(Society and Self, Critical Representations in Literature)

Sexual Politics, Kate Millett’s closely reasoned analysis of the patriarchal bias that underlies literary productions, was one of the earliest works to apply feminist literary theory to specific works of literature. Millett demonstrates how male-dominated culture has produced writers and literary works that are degrading to women and hurtful of efforts to reform and alleviate the conditions of women’s lives. Sexual Politics is recognized as a classic work of the feminist movement and is arguably the most brilliant and cogent statement on the tyranny of sexual stereotypes to appear in twentieth century North America.

Chapter 1 deals with what sexual politics is. Millet makes the attempt to define, describe, and provide examples of the “ancient and universal scheme for the domination of one birth group by another—the scheme that prevails in the area of sex.” It is Millett’s view that sex underlies all political questions and that it is necessary to bring this principle to the public attention before any positive steps can be taken to remedy it. Chapter 2 provides a cultural and historical background of the feminist movement, pointing out the direction that feminist agitators needed to follow.

Separate chapters on D. H. Lawrence, Henry Miller, Norman Mailer, and Jean Genet demonstrate the relevance of the general concepts of sexual politics to the field of literary criticism. In the development of Millett’s analysis, Lawrence is ridiculed for his sentimental presentation of macho virility, Miller is exposed as a misogynist of the first order, Mailer is seen as anxiety-ridden and fearful of losing power to women and homosexuals, and Genet is shown to parody heterosexual love relationships in his depiction of homosexuals. The common thread in all these male writers is their concern to perpetuate (consciously or unconsciously) male domination over the female. It is important to observe that Millett believes that all these writers are important and gifted writers—despite what she believes to be the deleterious effects of their literary productions.


(Critical Survey of Literature for Students)

Kate Millett writes in the introduction to a revised edition of her feminist classic Sexual Politics that her purpose in writing the work was to restate and reestablish the fact of historical patriarchy in modern terms and for my generation, to see it as a controlling political institution built on status, temperament, and role, a socially conditioned belief system presenting itself as nature or necessity.

These goals exemplified the aims of the American feminist movement of the 1960’s and early 1970’s. The movement sought not only to examine but also to combat a pervasive, persistent, thoroughly institutionalized and internalized patriarchy in Western society, which silenced women’s voices, distorted their lives, and universally treated their concerns as peripheral.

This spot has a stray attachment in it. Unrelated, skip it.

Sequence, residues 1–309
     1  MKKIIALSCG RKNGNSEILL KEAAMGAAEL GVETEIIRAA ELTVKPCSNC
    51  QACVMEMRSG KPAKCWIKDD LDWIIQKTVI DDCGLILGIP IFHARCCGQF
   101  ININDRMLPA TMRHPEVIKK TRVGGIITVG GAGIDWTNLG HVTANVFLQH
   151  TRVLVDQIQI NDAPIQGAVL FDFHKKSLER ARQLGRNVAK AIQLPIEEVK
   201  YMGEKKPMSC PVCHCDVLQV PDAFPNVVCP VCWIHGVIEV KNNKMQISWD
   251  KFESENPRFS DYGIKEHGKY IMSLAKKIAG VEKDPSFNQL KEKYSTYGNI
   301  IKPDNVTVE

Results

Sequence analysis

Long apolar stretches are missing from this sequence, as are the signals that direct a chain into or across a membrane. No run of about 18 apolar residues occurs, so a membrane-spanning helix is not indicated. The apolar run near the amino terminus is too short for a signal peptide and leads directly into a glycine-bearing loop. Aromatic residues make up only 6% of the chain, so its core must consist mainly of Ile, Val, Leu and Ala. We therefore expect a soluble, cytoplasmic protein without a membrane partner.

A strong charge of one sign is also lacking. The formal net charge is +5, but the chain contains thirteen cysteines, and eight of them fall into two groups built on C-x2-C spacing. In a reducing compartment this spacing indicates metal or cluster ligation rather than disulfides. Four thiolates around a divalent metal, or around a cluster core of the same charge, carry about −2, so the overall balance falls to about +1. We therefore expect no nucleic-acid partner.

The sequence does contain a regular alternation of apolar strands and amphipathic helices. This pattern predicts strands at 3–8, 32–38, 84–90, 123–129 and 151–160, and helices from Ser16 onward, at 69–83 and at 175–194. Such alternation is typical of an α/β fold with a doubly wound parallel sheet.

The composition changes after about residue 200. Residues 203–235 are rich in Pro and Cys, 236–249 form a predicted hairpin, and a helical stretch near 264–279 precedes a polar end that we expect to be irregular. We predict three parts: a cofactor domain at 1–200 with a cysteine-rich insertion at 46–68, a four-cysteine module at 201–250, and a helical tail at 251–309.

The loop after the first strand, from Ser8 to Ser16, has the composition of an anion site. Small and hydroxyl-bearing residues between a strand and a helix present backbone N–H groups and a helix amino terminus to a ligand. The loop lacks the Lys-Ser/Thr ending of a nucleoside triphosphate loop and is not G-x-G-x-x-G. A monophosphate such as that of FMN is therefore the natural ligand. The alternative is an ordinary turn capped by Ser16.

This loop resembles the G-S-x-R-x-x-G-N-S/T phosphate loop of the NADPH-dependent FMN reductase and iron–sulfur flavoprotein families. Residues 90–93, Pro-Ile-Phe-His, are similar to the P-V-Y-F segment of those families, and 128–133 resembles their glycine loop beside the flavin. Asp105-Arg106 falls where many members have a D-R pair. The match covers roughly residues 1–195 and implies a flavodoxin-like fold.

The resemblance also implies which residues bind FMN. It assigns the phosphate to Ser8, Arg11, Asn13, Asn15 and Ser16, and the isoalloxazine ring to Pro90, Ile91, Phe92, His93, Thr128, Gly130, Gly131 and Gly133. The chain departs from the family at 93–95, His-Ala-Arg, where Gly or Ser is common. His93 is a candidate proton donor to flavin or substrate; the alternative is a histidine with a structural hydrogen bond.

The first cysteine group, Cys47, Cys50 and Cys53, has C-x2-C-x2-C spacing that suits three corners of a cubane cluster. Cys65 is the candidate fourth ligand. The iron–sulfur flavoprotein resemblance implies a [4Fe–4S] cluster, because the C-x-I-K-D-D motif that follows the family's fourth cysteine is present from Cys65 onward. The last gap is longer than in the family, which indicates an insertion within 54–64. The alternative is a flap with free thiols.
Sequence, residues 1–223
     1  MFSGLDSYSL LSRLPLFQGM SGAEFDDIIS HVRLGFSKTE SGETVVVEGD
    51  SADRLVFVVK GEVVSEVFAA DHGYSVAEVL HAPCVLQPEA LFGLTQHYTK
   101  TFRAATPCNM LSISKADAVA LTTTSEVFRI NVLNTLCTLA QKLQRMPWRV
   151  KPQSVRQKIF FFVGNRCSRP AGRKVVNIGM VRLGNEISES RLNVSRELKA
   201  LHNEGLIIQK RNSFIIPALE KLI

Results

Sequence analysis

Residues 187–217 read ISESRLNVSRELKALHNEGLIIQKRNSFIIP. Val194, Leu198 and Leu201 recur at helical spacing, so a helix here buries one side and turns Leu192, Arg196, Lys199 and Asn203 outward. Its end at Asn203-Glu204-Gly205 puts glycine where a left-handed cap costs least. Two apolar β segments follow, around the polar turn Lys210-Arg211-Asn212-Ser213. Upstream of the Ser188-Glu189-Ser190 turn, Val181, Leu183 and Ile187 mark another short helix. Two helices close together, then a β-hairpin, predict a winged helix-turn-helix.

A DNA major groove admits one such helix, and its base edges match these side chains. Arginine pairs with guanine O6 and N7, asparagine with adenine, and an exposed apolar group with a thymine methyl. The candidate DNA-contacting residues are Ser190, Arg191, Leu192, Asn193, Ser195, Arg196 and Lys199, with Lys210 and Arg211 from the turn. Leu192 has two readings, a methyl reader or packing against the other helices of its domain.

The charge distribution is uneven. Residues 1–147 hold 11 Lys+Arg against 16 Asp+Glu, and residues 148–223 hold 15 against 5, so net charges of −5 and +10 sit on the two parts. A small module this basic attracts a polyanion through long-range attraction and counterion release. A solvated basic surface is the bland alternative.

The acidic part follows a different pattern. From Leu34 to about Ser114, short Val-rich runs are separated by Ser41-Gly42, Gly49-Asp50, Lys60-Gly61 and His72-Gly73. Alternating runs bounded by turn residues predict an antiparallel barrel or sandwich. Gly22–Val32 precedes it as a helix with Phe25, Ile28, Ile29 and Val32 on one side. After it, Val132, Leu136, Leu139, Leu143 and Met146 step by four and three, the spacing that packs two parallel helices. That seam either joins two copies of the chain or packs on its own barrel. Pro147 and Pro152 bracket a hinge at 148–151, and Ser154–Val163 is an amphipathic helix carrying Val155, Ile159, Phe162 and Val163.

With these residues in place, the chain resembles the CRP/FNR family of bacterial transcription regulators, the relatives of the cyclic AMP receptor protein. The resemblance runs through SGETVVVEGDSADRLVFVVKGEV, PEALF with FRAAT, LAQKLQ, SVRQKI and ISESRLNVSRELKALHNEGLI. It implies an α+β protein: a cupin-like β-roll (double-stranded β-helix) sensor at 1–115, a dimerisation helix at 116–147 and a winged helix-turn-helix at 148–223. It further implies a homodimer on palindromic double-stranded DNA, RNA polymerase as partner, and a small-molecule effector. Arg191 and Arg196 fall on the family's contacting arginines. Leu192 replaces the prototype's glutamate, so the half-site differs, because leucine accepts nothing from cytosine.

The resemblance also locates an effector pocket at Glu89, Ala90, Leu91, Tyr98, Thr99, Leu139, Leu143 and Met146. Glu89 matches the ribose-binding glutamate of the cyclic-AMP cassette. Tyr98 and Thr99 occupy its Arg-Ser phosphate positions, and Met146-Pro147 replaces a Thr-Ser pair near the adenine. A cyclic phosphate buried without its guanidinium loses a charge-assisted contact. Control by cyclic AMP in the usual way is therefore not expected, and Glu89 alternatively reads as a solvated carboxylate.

In the 1970’s, the canon presented to students in American universities was overwhelmingly male and decidedly from a male viewpoint; this viewpoint was often touted as universal. Millett’s Sexual Politics pioneered the field of feminist literary criticism through its systematic, evidence-based, and often in-depth examination of the work of many authors, illustrating through literary and cultural criticism that masculine viewpoints are not unbiased reflections of human nature, but rather support the patriarchal power structure that has existed since the beginnings of Western civilization.

Millett begins her study by dissecting descriptions of sexual intercourse written by men, specifically Henry Miller in his Sexus (1949) and Norman Mailer in his An American Dream (1965). Millett demonstrates how the language used in describing the sexual act speaks to the subjugation of women as persons, which in turn speaks to the larger issue of a patriarchal power structure. The politics of sexual activity—that is, the question of with whom and under what circumstances women are permitted to engage in sex—is an essential part of patriarchal power. In Millett’s terms, in such a power structure, women are never their own agents; they are commodities silenced by the freedom of men to sexually possess them. The tacit or outward acquiescence of women, in turn, works to define their selves in terms of men.

Building on the evidence of sexual politics in literature, Millett describes next a theory of sexual politics, transitioning from an individual, intimate view of the sexual act to the broader scope of political reference. She clarifies the connection between the individual and society at large by outlining several areas in which patriarchy wields its influence.

The first area of influence Millett terms “ideological”; human personality is defined as strictly “masculine” or “feminine.” A masculine personality shows “aggression, intelligence, force, and efficacy”; A feminine personality shows “passivity, ignorance, docility, ’virtue,’ and ineffectuality.” Millett further identifies the male/masculine role as typically involving leadership and ambition and the female/feminine role as involving domestic servitude and childbearing....

(The entire section is 1268 words.)